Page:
It was difficult not to come in with very high expectations. The Overground Collective is essentially a 19-piece big band of outstanding soloists and improvisers. Its founder, Paulo Duarte, is a Portuguese composer and guitarist who has been in London since 2003. This performance preceded the Collective’s first recording together and was the first outing of several of Duarte’s new compositions. The balance of instrumentation allowed both great intimacy and enormous energy, often creating an exhilarating wall of sound. Duarte’s ability to write music that is at once melodic and accessible but highly challenging and unexpected where the improvised elements hold primacy, is the key to the inevitable success of this music.
The performance was intended to be performed as a suite, with no breaks, but this was difficult to execute because of the audience’s need to show its appreciation. This is an element Duarte could consider leaving aside for future performances. Ben Bastin on bass made a gallant conducting effort supported by key members within the band. The complex counting required in this music was evident in the occasionally anxious faces of the performers but none of that anxiety could be heard in the confident, energetic and fully committed execution. Jon Scott (drums), Ben Bastin and Danny Keane (piano) provided an unshakable base which is vital for a score where grooves take sudden U-turns and tension is created with frequent stops and changes. The perfect execution of these was heart-stopping. This is a big band that I would make time to see again and again.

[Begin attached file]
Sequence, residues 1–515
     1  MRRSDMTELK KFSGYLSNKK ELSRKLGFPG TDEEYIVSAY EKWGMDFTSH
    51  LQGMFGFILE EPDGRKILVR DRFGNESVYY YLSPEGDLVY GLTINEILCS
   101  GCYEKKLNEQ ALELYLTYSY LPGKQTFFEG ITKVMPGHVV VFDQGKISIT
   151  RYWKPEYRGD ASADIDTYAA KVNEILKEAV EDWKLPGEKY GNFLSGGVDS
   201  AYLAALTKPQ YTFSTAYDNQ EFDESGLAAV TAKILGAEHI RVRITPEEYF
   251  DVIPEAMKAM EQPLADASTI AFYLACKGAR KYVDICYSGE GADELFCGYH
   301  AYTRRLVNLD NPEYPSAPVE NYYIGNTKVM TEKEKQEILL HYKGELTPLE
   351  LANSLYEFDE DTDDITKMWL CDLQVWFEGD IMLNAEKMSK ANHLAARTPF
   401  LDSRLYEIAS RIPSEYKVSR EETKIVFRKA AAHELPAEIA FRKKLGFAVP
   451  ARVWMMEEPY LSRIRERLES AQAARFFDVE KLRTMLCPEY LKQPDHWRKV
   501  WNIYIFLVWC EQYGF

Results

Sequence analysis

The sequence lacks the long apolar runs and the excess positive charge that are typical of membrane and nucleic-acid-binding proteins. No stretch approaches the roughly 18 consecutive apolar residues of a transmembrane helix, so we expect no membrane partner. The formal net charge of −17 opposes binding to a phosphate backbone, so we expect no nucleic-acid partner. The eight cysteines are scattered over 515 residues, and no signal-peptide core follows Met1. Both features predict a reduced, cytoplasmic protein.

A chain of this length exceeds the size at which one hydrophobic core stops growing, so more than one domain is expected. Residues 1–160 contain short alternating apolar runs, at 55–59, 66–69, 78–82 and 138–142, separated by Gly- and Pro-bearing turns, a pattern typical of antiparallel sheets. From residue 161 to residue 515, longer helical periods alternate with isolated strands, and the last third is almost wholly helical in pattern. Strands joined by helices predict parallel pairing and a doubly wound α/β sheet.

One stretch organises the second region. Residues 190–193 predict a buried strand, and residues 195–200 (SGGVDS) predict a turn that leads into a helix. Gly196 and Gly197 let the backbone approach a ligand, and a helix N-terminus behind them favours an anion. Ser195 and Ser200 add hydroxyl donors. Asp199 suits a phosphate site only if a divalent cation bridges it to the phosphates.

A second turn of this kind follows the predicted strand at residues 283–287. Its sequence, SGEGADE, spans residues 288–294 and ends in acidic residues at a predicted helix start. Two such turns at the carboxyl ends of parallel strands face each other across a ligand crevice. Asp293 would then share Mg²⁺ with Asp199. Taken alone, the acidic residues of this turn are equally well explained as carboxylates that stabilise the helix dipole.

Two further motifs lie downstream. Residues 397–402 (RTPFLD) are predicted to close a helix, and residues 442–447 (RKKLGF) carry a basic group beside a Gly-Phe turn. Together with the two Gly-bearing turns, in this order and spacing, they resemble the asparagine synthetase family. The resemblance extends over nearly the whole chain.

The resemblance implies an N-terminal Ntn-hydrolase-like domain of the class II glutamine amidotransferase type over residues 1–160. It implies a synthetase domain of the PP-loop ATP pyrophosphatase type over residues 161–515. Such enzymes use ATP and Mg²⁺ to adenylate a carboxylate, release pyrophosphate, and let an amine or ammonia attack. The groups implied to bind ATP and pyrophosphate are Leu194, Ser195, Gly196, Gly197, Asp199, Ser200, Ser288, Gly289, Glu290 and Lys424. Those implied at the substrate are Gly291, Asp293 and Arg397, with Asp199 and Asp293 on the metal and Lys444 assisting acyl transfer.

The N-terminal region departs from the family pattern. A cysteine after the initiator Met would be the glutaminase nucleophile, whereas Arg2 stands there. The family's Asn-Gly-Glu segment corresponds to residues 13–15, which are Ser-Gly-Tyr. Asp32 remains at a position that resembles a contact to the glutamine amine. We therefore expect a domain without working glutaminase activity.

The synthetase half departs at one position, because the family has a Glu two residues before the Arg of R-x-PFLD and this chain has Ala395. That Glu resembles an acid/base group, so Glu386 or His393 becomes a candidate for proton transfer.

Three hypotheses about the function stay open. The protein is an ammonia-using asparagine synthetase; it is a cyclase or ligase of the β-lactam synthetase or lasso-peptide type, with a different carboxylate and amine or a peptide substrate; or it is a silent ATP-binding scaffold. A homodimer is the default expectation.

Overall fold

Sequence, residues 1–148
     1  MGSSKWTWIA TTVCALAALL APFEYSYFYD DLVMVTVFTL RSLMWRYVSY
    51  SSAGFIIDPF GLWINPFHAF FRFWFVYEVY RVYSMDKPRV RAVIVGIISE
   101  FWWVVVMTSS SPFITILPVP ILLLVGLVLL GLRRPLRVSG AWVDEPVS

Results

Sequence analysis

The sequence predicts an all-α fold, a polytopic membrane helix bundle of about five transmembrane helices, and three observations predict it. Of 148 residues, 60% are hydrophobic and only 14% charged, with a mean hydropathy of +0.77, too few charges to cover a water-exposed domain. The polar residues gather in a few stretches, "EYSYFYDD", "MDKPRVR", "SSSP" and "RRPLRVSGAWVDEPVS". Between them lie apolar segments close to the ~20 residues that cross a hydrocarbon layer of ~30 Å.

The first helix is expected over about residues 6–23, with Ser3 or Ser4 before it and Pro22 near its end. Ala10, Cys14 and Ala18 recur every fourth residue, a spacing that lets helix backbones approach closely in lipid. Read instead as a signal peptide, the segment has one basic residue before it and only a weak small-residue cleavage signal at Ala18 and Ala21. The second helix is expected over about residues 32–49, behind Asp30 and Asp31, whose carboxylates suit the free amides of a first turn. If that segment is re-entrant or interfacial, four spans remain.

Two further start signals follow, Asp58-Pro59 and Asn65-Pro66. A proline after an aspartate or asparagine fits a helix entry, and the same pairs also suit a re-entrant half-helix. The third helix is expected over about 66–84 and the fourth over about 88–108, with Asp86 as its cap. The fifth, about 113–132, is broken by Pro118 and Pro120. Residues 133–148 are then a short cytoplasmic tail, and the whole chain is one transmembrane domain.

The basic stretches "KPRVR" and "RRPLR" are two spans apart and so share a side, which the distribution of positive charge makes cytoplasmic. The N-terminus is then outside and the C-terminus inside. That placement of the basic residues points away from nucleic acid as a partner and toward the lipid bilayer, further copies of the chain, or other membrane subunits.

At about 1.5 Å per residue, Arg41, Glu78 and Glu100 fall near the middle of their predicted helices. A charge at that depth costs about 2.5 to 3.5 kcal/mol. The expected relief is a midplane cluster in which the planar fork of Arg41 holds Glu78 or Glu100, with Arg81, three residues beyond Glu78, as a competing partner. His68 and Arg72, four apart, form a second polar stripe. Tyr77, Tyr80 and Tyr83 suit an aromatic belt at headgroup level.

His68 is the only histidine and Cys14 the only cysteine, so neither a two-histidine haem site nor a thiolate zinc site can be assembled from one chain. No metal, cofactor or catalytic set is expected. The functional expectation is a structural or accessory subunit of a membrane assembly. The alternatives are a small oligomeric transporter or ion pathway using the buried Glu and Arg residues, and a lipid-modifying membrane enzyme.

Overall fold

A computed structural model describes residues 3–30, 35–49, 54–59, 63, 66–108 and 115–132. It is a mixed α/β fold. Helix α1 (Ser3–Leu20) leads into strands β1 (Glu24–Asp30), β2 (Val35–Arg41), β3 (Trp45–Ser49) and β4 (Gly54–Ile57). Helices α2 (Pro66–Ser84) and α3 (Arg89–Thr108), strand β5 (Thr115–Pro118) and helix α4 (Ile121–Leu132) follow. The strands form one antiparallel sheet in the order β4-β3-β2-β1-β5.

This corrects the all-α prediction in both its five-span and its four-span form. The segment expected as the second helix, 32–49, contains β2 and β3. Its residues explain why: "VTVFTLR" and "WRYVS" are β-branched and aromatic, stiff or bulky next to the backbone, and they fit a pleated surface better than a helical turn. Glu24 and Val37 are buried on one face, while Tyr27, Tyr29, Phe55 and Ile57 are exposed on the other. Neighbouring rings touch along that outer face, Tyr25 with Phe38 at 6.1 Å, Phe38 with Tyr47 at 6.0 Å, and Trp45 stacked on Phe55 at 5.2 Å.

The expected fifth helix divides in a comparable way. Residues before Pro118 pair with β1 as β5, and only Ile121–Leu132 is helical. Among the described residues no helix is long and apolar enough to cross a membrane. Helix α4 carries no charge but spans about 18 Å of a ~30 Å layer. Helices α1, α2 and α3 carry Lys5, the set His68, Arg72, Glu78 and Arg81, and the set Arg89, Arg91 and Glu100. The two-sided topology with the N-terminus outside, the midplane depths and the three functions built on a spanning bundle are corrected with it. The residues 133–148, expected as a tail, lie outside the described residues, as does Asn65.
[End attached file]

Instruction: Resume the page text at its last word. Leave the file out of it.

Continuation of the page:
The Vortex is always a warm and intimate venue, but on Tuesday it was both warmer and more intimate than usual as the enormous Overground Collective overran the stage. The brainchild of guitarist and composer Paulo Dias Duarte, this band is an exciting sensory assault, mixing more musical styles, moods and tempos than most people have had hot dinners.
Having encroached into the audience to seat the full band, they quickly engulfed them as a rumbling baritone introduction was joined by the rest of the 19-strong ensemble - the group’s thunderous power unleashed with soloists straining to climb through the rich layers of sound. The compositions give little time for rest as you're dragged through a vivid soundtrack: frenetic horn madness to beautiful calm keys; grooving funk to 50s big band.
It's a rare sound, drawing favourable parallels to their exhilarating ensemble cousins in Paris, like Ping Machine. But more importantly it is entrancing, original and unpredictable stuff. If you ask someone to pat their head with one hand and rub their stomach with the other it often looks an inelegant mess, but when it works it appears entirely natural. The Overground Collective achieve an intensely heightened version of this unified multitasking ease, patting and rubbing their musical belly with 38 hands working in confounding coordination.